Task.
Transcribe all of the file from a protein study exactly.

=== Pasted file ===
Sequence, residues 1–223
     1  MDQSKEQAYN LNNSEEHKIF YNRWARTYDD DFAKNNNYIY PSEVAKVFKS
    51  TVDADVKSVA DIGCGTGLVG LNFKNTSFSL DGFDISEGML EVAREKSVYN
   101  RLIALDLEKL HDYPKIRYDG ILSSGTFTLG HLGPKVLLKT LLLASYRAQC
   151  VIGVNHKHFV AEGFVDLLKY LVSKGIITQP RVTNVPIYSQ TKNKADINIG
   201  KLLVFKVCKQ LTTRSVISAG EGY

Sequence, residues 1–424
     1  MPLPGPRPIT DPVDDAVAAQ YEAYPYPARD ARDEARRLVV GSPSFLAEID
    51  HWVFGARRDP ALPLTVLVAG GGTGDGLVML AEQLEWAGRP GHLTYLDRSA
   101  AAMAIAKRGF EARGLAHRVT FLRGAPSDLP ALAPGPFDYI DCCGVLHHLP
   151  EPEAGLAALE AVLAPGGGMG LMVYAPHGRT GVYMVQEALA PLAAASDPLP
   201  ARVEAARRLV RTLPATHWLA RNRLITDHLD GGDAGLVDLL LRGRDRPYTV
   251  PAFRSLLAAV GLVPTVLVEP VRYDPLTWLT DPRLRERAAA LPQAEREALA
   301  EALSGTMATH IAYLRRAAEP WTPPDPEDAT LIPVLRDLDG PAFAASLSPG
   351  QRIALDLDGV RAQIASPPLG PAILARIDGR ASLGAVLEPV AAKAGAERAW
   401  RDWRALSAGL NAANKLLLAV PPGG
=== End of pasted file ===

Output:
Sequence, residues 1–223
     1  MDQSKEQAYN LNNSEEHKIF YNRWARTYDD DFAKNNNYIY PSEVAKVFKS
    51  TVDADVKSVA DIGCGTGLVG LNFKNTSFSL DGFDISEGML EVAREKSVYN
   101  RLIALDLEKL HDYPKIRYDG ILSSGTFTLG HLGPKVLLKT LLLASYRAQC
   151  VIGVNHKHFV AEGFVDLLKY LVSKGIITQP RVTNVPIYSQ TKNKADINIG
   201  KLLVFKVCKQ LTTRSVISAG EGY

Sequence, residues 1–424
     1  MPLPGPRPIT DPVDDAVAAQ YEAYPYPARD ARDEARRLVV GSPSFLAEID
    51  HWVFGARRDP ALPLTVLVAG GGTGDGLVML AEQLEWAGRP GHLTYLDRSA
   101  AAMAIAKRGF EARGLAHRVT FLRGAPSDLP ALAPGPFDYI DCCGVLHHLP
   151  EPEAGLAALE AVLAPGGGMG LMVYAPHGRT GVYMVQEALA PLAAASDPLP
   201  ARVEAARRLV RTLPATHWLA RNRLITDHLD GGDAGLVDLL LRGRDRPYTV
   251  PAFRSLLAAV GLVPTVLVEP VRYDPLTWLT DPRLRERAAA LPQAEREALA
   301  EALSGTMATH IAYLRRAAEP WTPPDPEDAT LIPVLRDLDG PAFAASLSPG
   351  QRIALDLDGV RAQIASPPLG PAILARIDGR ASLGAVLEPV AAKAGAERAW
   401  RDWRALSAGL NAANKLLLAV PPGG